I hadn't actually met Terry Venables, the Spurs manager, yet. I agreed to go down to London to be introduced to him at Mel's office in Mayfair. I sat in a room with El Tel, cuddling a giant talking bear called Teddy Ruxpin, which Mel and Len Lazarus, my accountant, had given me for my 21st birthday. I let Teddy do most of the talking. I don't think Terry Venables could really believe it, but at least he could see what he might be getting for his money.

For my part, I was very impressed by what Venables had to say, especially when he told me that if I came to him, and was trained by him, I would be sure to get into the full England team. That mattered to me even more than the money being offered.

Paul Gascoigne with Terry Venables

I didn't know what to do. I still hadn't decided against Manchester United. In fact, if anything I was veering towards them. I thought I'd feel more at home if I stayed in the north. Going south would be a big change. 

I was invited by Fergie to come and look round Old Trafford. I set out to drive myself to Manchester, but changed my mind and didn't go that day. I was in a very confused state. 

Fergie phoned to say that he was about to go on holiday, but he really did want me to sign for him. I have to admit I did tell him on the phone, 'Don't worry, go on your holiday, and when you come back, I'll sign for you.' I know he was furious when I didn't, as he has since revealed. I just couldn't make up my mind. One day I would feel I should go to Old Trafford and the next I wasn't at all sure.

Irving Scholar of Spurs then made a smart move. He got Glenn Roeder to talk to me. We met in a pub in Newcastle and Glenn told me it would be good at Spurs. This only added to my confusion. I went down to London to talk to Irving Scholar and I was most impressed by his enthusiasm. He seemed to be a real football fan. Everyone at the club was friendly and not at all stuck up, as I had thought they might be. There didn't seem to be a lot of difference between Geordies and Cockneys.

Mel tried to get hold of Fergie, by now away on holiday, to ask if Man United would match the terms Spurs were offering, but he couldn't get through. Mobile phones were not then as good as they are now, especially when it came to international calls.

Irving Scholar was offering me a very good deal, and lots of extras. Tottenham were then sponsored by Hummell, and I was wearing their boots at the time, so that was another factor. Chris Waddle had convinced me I'd like it at White Hart Lane. I liked the look of Venables and Scholar, and they had offered me the best terms. So, in the summer of 1988, I signed for Spurs.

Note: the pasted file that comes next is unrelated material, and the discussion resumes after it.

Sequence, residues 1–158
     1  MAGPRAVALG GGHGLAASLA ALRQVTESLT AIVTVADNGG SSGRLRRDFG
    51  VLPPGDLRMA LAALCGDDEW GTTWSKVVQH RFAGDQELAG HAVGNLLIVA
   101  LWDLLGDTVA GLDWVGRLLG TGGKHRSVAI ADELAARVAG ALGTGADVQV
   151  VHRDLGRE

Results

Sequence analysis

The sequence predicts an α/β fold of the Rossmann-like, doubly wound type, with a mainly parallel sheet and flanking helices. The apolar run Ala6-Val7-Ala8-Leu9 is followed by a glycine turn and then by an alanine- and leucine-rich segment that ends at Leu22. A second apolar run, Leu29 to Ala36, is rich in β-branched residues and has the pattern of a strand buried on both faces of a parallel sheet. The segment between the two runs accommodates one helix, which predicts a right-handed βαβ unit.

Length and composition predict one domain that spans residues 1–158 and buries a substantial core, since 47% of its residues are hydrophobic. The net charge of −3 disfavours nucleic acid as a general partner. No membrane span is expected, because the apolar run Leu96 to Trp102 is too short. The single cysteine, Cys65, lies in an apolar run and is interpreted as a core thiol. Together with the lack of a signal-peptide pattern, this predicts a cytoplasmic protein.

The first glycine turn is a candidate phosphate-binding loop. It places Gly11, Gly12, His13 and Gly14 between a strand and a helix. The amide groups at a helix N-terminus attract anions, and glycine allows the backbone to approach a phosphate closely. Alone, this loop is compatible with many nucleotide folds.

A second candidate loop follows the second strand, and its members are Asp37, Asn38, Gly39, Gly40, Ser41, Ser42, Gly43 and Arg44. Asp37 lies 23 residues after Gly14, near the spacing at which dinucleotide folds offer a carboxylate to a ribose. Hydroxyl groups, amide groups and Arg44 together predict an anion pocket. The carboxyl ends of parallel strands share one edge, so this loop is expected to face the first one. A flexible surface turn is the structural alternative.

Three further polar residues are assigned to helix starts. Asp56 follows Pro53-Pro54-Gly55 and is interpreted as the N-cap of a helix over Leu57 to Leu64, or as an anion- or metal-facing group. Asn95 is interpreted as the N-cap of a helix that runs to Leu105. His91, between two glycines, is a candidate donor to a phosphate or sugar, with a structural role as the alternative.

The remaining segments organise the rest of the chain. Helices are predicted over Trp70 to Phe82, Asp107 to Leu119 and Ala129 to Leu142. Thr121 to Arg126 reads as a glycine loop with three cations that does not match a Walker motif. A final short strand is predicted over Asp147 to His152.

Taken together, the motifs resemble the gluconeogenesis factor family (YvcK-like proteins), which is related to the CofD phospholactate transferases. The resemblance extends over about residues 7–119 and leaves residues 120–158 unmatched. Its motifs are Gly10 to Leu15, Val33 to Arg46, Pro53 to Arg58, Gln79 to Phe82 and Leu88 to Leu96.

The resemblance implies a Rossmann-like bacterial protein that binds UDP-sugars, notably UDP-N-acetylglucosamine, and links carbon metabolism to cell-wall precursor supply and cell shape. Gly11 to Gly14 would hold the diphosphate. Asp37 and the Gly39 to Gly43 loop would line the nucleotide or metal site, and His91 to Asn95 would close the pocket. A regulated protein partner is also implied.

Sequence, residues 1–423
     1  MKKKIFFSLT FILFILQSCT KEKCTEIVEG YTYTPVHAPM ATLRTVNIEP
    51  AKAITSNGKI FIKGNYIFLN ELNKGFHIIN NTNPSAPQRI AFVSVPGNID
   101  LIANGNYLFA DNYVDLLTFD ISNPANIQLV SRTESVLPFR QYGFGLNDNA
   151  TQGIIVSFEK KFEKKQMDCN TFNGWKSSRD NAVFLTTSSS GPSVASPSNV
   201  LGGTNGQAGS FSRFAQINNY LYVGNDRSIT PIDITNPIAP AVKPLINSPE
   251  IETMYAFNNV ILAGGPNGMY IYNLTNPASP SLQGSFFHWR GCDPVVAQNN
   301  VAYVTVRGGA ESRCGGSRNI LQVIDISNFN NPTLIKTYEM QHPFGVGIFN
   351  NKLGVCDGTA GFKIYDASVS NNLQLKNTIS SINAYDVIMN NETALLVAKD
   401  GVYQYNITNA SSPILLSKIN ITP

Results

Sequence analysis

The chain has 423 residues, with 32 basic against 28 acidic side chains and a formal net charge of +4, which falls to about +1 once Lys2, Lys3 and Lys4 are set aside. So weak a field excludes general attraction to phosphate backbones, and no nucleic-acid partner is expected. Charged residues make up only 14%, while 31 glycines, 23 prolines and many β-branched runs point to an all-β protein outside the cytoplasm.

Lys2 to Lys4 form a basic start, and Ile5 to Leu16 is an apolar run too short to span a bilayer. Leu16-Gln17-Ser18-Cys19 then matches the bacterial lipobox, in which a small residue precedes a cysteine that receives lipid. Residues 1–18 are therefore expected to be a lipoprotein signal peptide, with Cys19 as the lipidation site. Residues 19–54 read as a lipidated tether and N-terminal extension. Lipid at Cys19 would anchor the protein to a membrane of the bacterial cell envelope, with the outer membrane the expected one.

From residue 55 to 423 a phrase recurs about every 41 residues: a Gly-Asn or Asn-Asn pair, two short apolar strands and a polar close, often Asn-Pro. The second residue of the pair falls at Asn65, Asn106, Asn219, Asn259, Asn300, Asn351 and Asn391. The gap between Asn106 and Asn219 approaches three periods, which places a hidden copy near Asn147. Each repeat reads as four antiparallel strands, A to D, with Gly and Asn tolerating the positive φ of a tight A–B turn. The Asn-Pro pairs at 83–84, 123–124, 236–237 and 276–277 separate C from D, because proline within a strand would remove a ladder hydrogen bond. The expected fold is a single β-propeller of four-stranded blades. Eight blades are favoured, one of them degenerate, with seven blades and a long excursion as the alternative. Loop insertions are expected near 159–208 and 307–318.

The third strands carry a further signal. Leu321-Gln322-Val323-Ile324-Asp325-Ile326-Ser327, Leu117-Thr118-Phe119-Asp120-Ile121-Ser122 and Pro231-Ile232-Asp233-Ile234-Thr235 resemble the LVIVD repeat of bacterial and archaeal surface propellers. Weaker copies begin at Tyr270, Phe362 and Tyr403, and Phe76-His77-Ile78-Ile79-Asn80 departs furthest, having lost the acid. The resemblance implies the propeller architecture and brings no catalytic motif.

I'm sure Fergie thought I'd behaved like a stupid little bastard, double-crossing him, and many people feel he's never forgiven me. He sent me a letter saying I'd been a silly boy, and he'd believed me when I'd promised I would join Man United. I don't know where that letter is now. There's no doubt he was upset at the time, but he later invited me to play in his testimonial, and I agreed. And he gave me a watch, which I still have somewhere. As for me, I never hold grudges against anyone or any club.


After Tottenham, Gazza had a four year spell at the Rome based Serie A club, Lazio. Having fallen out with the club, Gazza contacted Fergie to sign him; however this time the gaffer wasn't interested. 

Talking to Sky News in March 2009, Gazza said:

"Maybe if I had joined Man United, I might have still been there. I don't know, you just look at these players and the squad of young kids that play, young Rooney that's there, the Neville Brothers and Becks, the way he (Ferguson) just brought them on and there are so many.I got invited to the academy and it is a magnificent place and you can see the way he treats his players, he treats them with respect but he also makes men out of boys. It took me six years to get back talking to Sir Alex, I called him from Lazio and asked him if he would sign me. He was with Eric Cantona and he said he would see what Eric Cantona was going to do but I think everyone knows if you do something to Sir Alex Ferguson the way I did you don't get a second chance."


Over the years, Gazza has singled out various United players for exemplary praise. He mentions most of them in his book among the footballers he has most admired in his life:
BRYAN ROBSON For me, the best player among my contemporaries, the best I ever played alongside, was Bryan Robson. When he was captain of England, it always felt so good knowing he was there. He could do everything: he worked all over the park and was an inspiration. I admired him so much. I think he was the greatest in the world in his position.

PETER BEARDSLEY I've always been a great admirer of Peter Beardsley, and not just because he is a friend and former team-mate, but because he had such natural talent. Beardsley was so clever. He could open up the hardest defence.
ROY KEANE The greatest footballer of my generation still playing (in 2004) is Roy Keane. He's getting on now, and has had lots of injuries, but currently he remains the best in his position anywhere. I remember first encountering him when he was at Nottingham Forest. Quite a few people in football had been talking about him, so I gave him a roasting that day, dominating the midfield. Which, of course, he will deny. During that match, to wind him up, I said to him, 'I thought you were supposed to be the next Paul Gascoigne.'
DAVID BECKHAM Of today's players, I admire Beckham, of course. We all know about his free kicks and passing. You could see that talent from a young age. He doesn't beat people by dribbling, but his vision is incredible. I also admire him for the way he's handled the Press. He's taken his share of stick and bad publicity, but he's used the media to his own advantage, which is something I never managed. He's coped with his troubles the right way. Whatever his problems with Alex Ferguson at Man United, he never criticized or badmouthed the manager after he left. 

WAYNE ROONEY Of the new generation, Wayne Rooney is the outstanding player so far. People have described him as a younger version of me. I suppose he is, in a way, though fame and success have come to him at a younger age than they did to me. He became a household name at 17 years of age. I first saw Rooney when he was 14, when I was at Everton, and this lad came on as a sub for the Under 17s. They were 1-0 down before. Wayne was brought on, but he scored 2 goals , and they won 2-1. I said to Colin Harvey, who was running the Youth Academy, 'This is some player.' So I knew of his existence long before the general football public had got to hear about him.

No comments:

Post a Comment